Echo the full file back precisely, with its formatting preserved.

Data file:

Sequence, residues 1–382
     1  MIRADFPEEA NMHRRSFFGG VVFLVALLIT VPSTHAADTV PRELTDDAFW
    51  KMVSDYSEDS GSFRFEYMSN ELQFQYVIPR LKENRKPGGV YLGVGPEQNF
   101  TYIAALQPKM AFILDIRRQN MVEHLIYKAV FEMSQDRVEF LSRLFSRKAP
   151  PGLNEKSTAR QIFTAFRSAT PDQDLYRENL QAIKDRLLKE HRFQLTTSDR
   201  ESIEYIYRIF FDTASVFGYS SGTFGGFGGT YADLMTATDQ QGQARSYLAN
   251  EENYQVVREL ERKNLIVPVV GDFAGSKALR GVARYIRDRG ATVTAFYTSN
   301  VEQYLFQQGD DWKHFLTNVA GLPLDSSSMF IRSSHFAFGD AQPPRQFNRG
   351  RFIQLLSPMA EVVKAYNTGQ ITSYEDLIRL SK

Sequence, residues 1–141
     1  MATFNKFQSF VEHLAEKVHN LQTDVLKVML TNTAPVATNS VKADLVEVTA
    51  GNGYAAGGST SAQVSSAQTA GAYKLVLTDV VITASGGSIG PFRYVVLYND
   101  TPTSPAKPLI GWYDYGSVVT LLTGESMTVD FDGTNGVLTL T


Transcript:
Sequence, residues 1–382
     1  MIRADFPEEA NMHRRSFFGG VVFLVALLIT VPSTHAADTV PRELTDDAFW
    51  KMVSDYSEDS GSFRFEYMSN ELQFQYVIPR LKENRKPGGV YLGVGPEQNF
   101  TYIAALQPKM AFILDIRRQN MVEHLIYKAV FEMSQDRVEF LSRLFSRKAP
   151  PGLNEKSTAR QIFTAFRSAT PDQDLYRENL QAIKDRLLKE HRFQLTTSDR
   201  ESIEYIYRIF FDTASVFGYS SGTFGGFGGT YADLMTATDQ QGQARSYLAN
   251  EENYQVVREL ERKNLIVPVV GDFAGSKALR GVARYIRDRG ATVTAFYTSN
   301  VEQYLFQQGD DWKHFLTNVA GLPLDSSSMF IRSSHFAFGD AQPPRQFNRG
   351  RFIQLLSPMA EVVKAYNTGQ ITSYEDLIRL SK

Sequence, residues 1–141
     1  MATFNKFQSF VEHLAEKVHN LQTDVLKVML TNTAPVATNS VKADLVEVTA
    51  GNGYAAGGST SAQVSSAQTA GAYKLVLTDV VITASGGSIG PFRYVVLYND
   101  TPTSPAKPLI GWYDYGSVVT LLTGESMTVD FDGTNGVLTL T